African American Museum at the Wytheville Training School
AboutConstructed about 1882, the Wytheville Training School was built on land where a Freedmen's school once stood, shortly after the freedom of the slaves between 1865 and 66. Sometime between 1880 and 1882, the Freedmen's school was razed and a new church and school, as they appear today, were erected. In 1883, an agreement was made between the Evansham (now Wytheville) School District and the trustees of the Franklin Street Methodist Episcopal (M.E.) Church to buy the school. The deed outlined an arrangement by which the M. E. Church was given the privilege to use the school building for religious worship on the Sabbath and for prayer meetings and funerals. They could also use the school for festivals and social meetings as long as such functions did not interfere with the school functions. The school was used as a church until the new church building was constructed in 1886.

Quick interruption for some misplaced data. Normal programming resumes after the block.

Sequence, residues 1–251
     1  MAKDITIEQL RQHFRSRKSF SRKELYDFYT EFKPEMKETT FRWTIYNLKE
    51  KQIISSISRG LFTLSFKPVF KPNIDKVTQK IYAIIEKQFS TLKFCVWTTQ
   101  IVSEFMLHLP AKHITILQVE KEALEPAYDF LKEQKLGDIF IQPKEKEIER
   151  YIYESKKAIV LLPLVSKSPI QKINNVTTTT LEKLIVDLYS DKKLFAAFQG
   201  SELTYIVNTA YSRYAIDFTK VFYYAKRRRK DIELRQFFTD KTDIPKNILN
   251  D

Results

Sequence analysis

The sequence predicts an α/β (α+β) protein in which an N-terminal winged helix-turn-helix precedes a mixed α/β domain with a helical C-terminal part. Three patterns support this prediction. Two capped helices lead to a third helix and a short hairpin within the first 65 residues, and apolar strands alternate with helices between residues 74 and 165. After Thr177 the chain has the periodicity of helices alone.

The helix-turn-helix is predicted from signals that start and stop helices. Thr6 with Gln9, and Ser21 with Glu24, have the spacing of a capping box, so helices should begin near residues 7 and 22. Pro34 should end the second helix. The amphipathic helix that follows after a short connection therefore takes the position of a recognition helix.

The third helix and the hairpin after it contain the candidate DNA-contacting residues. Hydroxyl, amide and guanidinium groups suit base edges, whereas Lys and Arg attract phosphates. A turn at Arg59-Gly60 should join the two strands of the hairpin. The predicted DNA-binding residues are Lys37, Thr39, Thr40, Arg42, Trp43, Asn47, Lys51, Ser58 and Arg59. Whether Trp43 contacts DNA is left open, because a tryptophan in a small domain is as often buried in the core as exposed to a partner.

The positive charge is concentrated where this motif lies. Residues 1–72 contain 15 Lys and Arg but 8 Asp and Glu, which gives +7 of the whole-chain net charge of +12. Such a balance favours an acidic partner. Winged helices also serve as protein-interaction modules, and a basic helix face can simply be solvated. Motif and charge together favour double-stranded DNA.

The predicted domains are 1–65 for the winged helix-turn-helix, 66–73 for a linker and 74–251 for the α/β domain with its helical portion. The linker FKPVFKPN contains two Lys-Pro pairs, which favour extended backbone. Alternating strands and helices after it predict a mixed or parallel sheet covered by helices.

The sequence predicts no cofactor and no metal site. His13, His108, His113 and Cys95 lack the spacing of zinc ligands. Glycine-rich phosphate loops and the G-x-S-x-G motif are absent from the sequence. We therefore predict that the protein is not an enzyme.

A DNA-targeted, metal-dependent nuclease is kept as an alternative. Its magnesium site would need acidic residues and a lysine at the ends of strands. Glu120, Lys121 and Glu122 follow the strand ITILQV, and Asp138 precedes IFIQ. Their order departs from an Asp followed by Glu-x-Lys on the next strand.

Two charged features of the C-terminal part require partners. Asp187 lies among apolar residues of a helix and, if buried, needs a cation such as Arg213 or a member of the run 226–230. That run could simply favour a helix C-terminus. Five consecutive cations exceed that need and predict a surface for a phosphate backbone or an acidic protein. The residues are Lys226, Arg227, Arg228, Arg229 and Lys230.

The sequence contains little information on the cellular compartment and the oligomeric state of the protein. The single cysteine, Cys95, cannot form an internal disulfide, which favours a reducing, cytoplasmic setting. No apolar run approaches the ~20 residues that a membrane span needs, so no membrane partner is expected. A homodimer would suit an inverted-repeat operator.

Interesting Story - African American education in Wythe County began after the Civil War with the Freedmen's Bureau schools for freed slaves and their families. In 1876, these schools were replaced by a young Negro educator, Richard Henry Scott, who moved to the area from Chesterfield County, VA. Dr. Scott first taught in the county schools, later holding classes in the basement of the Franklin Street Methodist Episcopal Church. A school for Negro students was started in a frame building, no longer standing, at the corner of Franklin and Fifth Streets and was later replaced by the present building which housed the Wytheville Training School. Negro children from Wythe and surrounding counties attended this school until a new facility, named in honor of Dr. Scott, was built in 1952. The site of the Wytheville Training School includes a small frame building in the rear which was the fourth-grade classroom.